The advantage of condenser mics is that they are more sensitive than dynamic microphones and are able to better capture high frequency detail. A condenser microphone with a single transducer (capacitor) will be a fixed cardioid pattern. However, the fact that the capacitor is small and thin allows microphone manufacturers to sometimes insert two transducers, side-by-side, which (through phase-switching) allows for switchable pickup patterns. This gives you the option of choosing cardioid, figure-eight and omni directional patterns in one microphone.
These are a really fun kind of microphone – sometimes referred to as a contact, crystal or just piezo microphone. Piezoelectricity is the ability for materials to create a voltage or electrical signal when subjected to pressure changes.
The typical use of a piezo mic is to amplify the sound of acoustic instruments such as guitars, violins and drums in a very discreet manner. Best Buy carries a selection of acoustic guitars with piezo pickups installed – such as the Epiphone AJ-220SCE.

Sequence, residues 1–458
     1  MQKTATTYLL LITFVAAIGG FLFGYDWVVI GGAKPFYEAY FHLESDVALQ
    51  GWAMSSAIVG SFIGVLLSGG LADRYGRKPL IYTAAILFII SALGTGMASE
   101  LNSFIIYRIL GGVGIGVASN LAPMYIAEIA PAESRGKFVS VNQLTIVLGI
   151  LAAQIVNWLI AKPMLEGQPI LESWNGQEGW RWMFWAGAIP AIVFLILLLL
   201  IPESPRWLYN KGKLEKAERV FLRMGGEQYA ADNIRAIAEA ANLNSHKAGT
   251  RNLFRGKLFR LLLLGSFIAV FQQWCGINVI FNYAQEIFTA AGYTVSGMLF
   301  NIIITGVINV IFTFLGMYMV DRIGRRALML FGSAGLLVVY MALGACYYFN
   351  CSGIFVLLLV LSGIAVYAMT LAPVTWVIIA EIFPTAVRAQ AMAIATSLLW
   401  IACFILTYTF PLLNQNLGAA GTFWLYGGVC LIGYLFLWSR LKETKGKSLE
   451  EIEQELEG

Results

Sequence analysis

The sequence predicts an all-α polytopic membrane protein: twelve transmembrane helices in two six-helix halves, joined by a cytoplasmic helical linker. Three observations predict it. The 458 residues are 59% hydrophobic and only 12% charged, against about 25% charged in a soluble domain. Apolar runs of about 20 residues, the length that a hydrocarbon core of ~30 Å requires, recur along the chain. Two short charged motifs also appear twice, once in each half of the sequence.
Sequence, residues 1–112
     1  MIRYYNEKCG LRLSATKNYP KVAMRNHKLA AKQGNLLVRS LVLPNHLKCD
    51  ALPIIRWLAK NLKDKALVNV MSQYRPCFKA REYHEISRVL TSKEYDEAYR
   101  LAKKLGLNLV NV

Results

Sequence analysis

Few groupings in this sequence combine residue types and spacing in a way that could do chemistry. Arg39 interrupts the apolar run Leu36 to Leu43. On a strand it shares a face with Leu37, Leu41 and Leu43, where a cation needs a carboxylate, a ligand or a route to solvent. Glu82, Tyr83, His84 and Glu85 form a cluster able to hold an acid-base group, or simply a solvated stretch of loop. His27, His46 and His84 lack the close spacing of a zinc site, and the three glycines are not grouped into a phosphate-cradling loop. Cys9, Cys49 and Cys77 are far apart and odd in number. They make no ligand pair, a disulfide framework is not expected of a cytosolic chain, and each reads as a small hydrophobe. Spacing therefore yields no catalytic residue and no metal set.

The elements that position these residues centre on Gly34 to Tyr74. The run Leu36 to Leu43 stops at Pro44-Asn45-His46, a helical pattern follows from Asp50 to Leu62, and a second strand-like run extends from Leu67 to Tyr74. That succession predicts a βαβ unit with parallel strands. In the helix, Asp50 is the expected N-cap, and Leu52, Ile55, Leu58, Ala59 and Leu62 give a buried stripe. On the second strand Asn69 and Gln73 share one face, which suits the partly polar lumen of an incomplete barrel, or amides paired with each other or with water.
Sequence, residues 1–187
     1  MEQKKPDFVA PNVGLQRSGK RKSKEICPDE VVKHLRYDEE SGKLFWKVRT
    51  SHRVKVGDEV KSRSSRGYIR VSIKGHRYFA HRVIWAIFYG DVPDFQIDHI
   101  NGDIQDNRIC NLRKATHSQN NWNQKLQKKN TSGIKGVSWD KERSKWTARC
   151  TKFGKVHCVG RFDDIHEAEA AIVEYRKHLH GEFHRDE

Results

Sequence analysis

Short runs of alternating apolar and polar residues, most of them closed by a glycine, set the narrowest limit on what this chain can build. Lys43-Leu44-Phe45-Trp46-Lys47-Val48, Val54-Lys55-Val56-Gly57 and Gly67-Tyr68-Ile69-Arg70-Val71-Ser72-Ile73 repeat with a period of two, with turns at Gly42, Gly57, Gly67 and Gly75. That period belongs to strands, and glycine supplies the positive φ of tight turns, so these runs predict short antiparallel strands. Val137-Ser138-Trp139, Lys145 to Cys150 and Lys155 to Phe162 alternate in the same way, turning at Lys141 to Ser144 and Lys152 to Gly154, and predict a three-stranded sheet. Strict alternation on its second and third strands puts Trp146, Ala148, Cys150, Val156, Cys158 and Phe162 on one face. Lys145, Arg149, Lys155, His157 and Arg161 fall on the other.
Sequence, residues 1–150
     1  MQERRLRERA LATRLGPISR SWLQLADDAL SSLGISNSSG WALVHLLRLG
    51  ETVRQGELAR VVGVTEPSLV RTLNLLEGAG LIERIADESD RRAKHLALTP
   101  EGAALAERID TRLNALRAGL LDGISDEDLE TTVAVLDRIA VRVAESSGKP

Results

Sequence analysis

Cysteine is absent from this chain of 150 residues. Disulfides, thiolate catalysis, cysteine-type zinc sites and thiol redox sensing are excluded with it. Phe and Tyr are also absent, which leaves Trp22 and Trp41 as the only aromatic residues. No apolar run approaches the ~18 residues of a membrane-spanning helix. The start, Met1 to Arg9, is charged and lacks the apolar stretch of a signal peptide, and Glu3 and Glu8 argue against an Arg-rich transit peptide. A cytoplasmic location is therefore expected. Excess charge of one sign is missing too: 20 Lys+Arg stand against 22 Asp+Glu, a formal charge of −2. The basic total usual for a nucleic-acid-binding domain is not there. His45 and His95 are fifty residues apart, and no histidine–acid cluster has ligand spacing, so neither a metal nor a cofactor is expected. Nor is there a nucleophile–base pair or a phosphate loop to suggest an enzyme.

These mics can be very small and if your goal is to minimize the evidence of microphones, then piezo mics are a good option. With a piezo mic, you can literally mic anything with a solid surface – stick a piezo on it and you’ve turned it into a musical instrument.
Check out Diego Stocco’s video Music from a Bonsai. At 00:46 he attaches a piezo microphone to the branch of the bonsai tree to create some fantastic sounds!
Couple of Other Things
Proximity effect is a change in the frequency response of a microphone that correlates to the distance between the sound source and the microphone. This is a phenomenon that is most evident in microphones that have directional pickup patterns – more so in mics that use ports to create directionality.